001. Órla Ryan reports in "One Suicide Within Prison is Too Many" (2014-06-19) [my comments are in unquoted bold]:
"the government been asked to support the introduction of a suicide prevention program in Irish prisons [...] Maureen Mulligan, the Director of the Irish Institute of Naturopathic Medicine, discussed the issue [...] participants were supported through counseling, natural medicine, anger management, and nutritional and fitness advice";
so, I'm curious. Let's look at the IINM. I'm particularly interested in what "natural medicine" is. And of course, I'm all for legitimate therapeutics that help with this issue. But I'm not all for journalism that doesn't go too deeply into what "natural medicine" is all about.
002.a there's the Vimeo video "Irish Institute of Naturopathic Medicine" [vsc 2014-06-19], which must be watched at the source web page,
"[from the description] Maureen Mulligan of the Irish Institute of Naturopathic Medicine , based in Wicklow, talks about the work of the Institute and her aims for the future [...from the video] the treatment procedure is based on cranial alignment [...] the flow of the fluid through the brain and the spine [...] a neurological approach [...] there's no manipulation, there's no use of force [...] and we're working at the level of cellular intelligence [...] from a natural medicine perspective [...] integrated natural medicine [...including] detox [...and] and the naturopathic medicine of cranial alignment which we've pioneered at the IINM [...] we're getting extraordinary results";
ah, craniosacral therapy, that great hoax of someone holding your head in their hands and telling you they are changing your body for the better. And if you are not 'in the know', at Wikipedia.org we're told "CST has been characterized as pseudoscience and its practice has been called quackery". Of course, this is naturopathy! Extraordinary natural medicine modalities with extraordinary [cough-cough] results!
002.b. various pages at iinm.ie:
002.b.1. in "Meet the Team" [archived here] we're told:
"Maureen Mulligan [...whose credentials are] F.I.C.N.M [which is] Fellow of the Institute of Complementary and Natural Medicine UK [...]"'
I see "integrative" hasn't yet occurred as a rebranding!
"finalist in the award for the foundation of Integrated Medicine in 1998, UK [...]";
ah, there's the integrated. Not integrative, but integrated as 'done already'!
"[who] pioneered and developed the Ictp natural medicine regime for the treatment of violence and addiction in UK prisons [...]";
I can't find much on by way of the web regarding ICTP, and I don't think it's the "International Center of Theoretical Physics."
"natural medical volunteer practitioners are drawn from acupuncture, homeopathy, osteopathy and other natural medicine modalities."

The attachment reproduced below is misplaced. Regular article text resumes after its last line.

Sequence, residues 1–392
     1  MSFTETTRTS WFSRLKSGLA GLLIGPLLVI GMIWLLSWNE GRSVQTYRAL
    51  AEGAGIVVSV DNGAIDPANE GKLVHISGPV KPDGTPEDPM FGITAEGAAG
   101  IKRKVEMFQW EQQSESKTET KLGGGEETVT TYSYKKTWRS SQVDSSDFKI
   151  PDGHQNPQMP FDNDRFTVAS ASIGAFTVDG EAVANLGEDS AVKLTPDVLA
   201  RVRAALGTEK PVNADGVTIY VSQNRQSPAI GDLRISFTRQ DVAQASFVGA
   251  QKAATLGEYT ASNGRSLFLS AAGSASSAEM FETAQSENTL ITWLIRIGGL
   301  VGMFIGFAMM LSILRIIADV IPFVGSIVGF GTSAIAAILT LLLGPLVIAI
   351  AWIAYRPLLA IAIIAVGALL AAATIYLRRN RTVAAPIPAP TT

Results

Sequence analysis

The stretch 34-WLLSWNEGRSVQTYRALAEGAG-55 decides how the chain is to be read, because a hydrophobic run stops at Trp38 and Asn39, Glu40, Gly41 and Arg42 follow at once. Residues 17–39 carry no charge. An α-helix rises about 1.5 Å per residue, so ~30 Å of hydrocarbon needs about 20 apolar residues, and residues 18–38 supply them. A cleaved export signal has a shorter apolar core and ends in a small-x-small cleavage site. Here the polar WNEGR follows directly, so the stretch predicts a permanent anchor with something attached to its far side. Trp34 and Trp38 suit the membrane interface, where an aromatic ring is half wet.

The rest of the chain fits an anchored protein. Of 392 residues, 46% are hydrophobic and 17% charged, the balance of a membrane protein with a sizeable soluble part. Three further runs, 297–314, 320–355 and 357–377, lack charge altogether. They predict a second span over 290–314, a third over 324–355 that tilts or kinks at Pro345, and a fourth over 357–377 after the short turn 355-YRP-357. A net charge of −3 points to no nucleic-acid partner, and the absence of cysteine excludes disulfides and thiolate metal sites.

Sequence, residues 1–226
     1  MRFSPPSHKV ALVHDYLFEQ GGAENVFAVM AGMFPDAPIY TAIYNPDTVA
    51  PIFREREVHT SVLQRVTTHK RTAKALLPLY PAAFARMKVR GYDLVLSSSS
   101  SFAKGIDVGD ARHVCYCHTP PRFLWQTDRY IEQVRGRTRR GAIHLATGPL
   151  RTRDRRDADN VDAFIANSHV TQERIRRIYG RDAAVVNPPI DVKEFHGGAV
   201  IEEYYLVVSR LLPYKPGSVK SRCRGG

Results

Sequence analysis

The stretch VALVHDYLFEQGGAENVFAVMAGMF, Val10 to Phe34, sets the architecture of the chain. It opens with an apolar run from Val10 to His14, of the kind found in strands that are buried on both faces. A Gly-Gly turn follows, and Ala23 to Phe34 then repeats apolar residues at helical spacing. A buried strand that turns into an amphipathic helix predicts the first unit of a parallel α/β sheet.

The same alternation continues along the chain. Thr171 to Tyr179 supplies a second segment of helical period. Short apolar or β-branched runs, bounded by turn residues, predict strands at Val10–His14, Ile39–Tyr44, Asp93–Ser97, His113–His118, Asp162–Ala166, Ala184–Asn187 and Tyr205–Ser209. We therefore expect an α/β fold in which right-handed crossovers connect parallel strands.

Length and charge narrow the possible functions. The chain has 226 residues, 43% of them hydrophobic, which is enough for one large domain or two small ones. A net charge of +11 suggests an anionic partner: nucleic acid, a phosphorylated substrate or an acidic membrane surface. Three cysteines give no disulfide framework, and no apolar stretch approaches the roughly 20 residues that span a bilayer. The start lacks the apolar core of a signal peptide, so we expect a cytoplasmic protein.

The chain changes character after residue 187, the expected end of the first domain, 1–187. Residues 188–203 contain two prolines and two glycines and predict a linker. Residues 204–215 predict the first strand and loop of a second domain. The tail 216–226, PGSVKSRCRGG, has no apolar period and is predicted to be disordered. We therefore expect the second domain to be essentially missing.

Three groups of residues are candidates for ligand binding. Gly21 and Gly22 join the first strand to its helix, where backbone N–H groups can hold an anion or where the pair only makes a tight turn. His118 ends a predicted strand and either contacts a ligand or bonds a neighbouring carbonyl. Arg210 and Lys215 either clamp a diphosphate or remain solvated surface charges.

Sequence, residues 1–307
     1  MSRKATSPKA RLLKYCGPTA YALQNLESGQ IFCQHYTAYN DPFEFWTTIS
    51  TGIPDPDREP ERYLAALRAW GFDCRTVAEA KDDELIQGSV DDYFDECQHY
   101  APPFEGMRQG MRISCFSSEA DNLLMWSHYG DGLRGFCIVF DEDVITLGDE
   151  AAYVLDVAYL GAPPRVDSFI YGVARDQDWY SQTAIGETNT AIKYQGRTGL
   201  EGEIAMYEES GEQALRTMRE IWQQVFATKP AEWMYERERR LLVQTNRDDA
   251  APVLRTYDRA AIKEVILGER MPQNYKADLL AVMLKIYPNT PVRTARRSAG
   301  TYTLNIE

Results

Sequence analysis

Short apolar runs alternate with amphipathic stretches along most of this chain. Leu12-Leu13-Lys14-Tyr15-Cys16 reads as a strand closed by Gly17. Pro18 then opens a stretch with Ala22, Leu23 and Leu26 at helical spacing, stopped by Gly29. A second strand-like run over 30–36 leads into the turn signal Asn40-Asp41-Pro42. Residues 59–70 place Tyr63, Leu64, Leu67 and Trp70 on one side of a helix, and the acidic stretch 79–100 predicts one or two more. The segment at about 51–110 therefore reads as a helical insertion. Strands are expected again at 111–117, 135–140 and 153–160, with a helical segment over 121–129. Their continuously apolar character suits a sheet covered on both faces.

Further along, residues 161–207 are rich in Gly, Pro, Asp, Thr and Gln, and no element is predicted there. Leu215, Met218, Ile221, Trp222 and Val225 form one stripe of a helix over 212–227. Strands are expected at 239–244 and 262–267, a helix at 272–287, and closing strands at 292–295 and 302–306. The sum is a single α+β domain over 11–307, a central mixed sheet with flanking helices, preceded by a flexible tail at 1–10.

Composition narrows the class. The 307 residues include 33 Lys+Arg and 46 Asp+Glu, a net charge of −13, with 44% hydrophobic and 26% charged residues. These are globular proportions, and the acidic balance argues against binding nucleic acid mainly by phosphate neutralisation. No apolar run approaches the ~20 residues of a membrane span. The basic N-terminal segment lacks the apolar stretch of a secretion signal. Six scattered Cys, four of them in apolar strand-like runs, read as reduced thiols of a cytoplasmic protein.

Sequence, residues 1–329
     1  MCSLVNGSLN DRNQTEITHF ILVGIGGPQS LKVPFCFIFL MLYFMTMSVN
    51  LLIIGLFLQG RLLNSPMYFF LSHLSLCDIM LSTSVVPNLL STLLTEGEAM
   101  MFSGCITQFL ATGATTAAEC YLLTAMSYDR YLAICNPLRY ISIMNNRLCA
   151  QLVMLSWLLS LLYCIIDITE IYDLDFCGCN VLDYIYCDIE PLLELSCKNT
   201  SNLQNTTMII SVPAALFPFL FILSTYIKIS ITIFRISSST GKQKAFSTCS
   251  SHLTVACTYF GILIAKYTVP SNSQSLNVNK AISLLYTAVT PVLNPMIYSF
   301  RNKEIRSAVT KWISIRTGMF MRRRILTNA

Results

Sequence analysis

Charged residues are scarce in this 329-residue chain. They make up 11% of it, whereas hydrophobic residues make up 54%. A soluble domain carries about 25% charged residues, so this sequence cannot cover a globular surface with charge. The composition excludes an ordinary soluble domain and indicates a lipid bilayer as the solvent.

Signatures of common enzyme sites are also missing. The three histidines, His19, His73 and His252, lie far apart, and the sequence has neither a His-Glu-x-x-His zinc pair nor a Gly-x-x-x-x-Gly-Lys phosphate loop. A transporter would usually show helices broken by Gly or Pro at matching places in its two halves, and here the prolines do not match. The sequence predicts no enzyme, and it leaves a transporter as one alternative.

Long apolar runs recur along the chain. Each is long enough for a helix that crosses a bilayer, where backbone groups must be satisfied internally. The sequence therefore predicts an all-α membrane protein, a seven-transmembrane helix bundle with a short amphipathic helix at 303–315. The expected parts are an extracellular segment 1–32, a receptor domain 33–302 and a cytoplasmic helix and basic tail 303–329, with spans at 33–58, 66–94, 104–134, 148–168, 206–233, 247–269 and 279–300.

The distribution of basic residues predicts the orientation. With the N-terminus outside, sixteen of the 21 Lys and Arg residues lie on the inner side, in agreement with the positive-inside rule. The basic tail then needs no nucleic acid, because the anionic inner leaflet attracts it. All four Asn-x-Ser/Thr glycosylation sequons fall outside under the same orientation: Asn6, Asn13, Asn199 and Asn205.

so, obviously, "natural medicine" includes homeopathy and acupuncture [quackupuncture!].
"naturopathy, or naturopathic medicine, is a system of medicine based on the healing power of nature [...] the naturopathic philosophy is to stimulate the healing power of the body [...] supporting the body’s own healing abilities [...]";
ah, ye old coded vitalism.
"it is a holistic system that strives to find the cause of disease by understanding the body, mind and spirit of the person [...]";
there's nothing like categorizing the supernatural and science-ejected coded vitalistic as "natural". And is spirit "understood"? Really? Isn't spirit instead an article of faith? I'm all for freedom of belief, by the way, but is the supernatural a medical issue at all? Isn't modern medicine an applied science and the supernatural is science-exterior? But, of course, "holistic" gets a free pass in terms of analysis, as "natural" does. They are thought-stopping empty labels. You might as well be saying WIDGETS: a placeholder for actual information.
"at IINM, we use a variety of naturopathic therapies and techniques including acupuncture [...] to improve the flow of life around the body [...]";
now, usually, it's "life energy" or "chi". Here, like the coded vitalism of HPN, we're not deserving enough to be told the details to then be able to make an informed choice.
"cranial structural alignment: the effect of birth injury has lasting and significant consequences for natural growth, development of language and behavioral patterns. This treatment stimulates healing by using gentle hand pressure to manipulate the skeleton and connective tissues [of a neonate, I assume...and] cranial osteopathy is a refined and subtle treatment that encourages the release of stresses and tensions throughout the body, including the head. It works to restore the structure and function of the body to a state of balance and harmony, so helping the whole person [...]";
"homeopathy [...] a system of medicine that involves treating the individual with highly diluted substances derived from plants, minerals and some metals. It is given mainly in tablet form, with the aim of triggering the body’s natural system of healing [...]";
yeah, empty pills. The stuff I refused to do in ND school because it is the most unethical stuff I've ever seen.
002.b.3. what I don't find:
the language "medicatrix", "scientific", "science-based", "life force", "vital force".